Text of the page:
Use this URL to cite or link to this record in EThOS: https://ethos.bl.uk/OrderDetails.do?uin=uk.bl.ethos.727343
Title: Exploring the potential of antibody mimetics for detecting environmental contaminants
Author: Koutsoumpeli, Eleni
ISNI:       0000 0004 6424 2463
Awarding Body: University of York
Current Institution: University of York
Date of Award: 2017
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Abstract:
Over the past 15-20 years, there has been growing interest and concern from the scientific and regulatory communities over the potential risks of emerging environmental contaminants (ECs). State-of-the-art techniques used for monitoring ECs do not provide the high spatial and temporal resolution measurements required to better understand and mitigate the risks. Immunoassays, which use antibodies to detect a target compound with high affinity, specificity and selectivity, partly address these limitations. However, the use of antibodies for the detection of small-sized, non-immunogenic environmental contaminants, presents a number of challenges. Recent advances in protein engineering have led to the emergence of antibody mimetics that offer the high affinity and specificity associated with antibodies, but with reduced batch-to-batch variability, increased stability, and in vitro selection to ensure rapid discovery of binders against a wide range of targets. This study explores the potential of Affimers, a recent example of antibody mimetics, as suitable bioreceptors for the detection of small organic molecules. Methylene blue (MB), a redox-active molecule used as a fabric dye and diclofenac (DCF), an important environmental contaminant, were selected as the target compounds and Affimers against MB and DCF were developed by the BioScreening Technology Group, University of Leeds. The objectives of this project were to a) demonstrate that the developed Affimers can bind to the selected targets with very high affinity, b) assess their performance in the complexity of environmental water samples (selectivity), and c) investigate the potential of an Affimer-based assay for small molecule detection. Target immobilisation for Affimer characterisation was achieved using long-chained alkanethiol linkers coupled with oligoethylene glycol (LCAT–OEG) and the immobilisation approach was evaluated through electrochemical measurements and infrared spectroscopy. Subsequently, binding between the immobilised targets and target-specific Affimers was quantified using quartz crystal microbalance with dissipation monitoring (QCM-D). Affimer affinity studies revealed Affimer dissociation constants (KD=13.7 nM and 73 nm for MB and DCF Affimers respectively) was comparable to that of high affinity antibodies. Furthermore, the high selectivity of MB-Affimers was demonstrated using limnetic water samples. Finally, an Affimer-based competition ELISA was demonstrated (LOD=75 nM), illustrating the potential of Affimers as bioreceptors in immunoassays for the detection of small-sized, non-immunogenic compounds. These findings are very promising, encouraging further research into Affimer-based assays and biosensors in order to introduce a novel, alternative path for rapid, on-site monitoring of contaminants in the environment.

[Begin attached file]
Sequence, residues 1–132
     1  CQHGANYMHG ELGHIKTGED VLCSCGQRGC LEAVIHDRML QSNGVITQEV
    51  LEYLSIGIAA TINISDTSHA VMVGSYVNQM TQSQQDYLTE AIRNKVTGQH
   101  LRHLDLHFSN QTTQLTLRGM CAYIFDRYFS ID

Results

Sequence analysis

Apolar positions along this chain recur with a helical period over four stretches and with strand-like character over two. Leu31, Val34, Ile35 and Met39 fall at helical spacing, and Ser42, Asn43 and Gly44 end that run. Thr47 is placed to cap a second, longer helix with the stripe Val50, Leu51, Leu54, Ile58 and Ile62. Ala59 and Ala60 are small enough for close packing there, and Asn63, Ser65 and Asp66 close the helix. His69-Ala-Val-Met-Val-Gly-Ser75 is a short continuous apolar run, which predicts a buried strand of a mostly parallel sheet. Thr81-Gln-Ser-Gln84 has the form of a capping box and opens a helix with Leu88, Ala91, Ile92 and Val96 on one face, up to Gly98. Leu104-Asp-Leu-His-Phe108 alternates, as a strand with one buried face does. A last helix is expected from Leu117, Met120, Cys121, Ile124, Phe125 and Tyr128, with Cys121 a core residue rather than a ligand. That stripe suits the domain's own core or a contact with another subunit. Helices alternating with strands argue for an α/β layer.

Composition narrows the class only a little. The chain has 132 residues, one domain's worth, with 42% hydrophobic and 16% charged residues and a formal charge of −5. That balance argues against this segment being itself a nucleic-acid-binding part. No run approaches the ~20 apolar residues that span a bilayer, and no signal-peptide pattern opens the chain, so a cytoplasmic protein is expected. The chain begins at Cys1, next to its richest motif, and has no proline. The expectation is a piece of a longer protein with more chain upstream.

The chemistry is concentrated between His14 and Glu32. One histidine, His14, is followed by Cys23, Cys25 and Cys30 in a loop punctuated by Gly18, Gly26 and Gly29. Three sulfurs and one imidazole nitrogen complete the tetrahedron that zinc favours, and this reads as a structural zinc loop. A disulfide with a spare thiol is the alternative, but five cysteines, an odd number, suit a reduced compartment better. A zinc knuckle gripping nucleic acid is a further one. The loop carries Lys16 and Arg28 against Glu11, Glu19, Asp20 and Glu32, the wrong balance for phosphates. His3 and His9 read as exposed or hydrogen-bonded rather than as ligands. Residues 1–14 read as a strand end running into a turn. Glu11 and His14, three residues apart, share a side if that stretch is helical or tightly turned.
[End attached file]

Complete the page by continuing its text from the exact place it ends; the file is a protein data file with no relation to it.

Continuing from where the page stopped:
Supervisor: Johnson, Steven ; Thomas-Oates, Jane Sponsor: Not available
Qualification Name: Thesis (Ph.D.) Qualification Level: Doctoral
EThOS ID: uk.bl.ethos.727343  DOI: Not available
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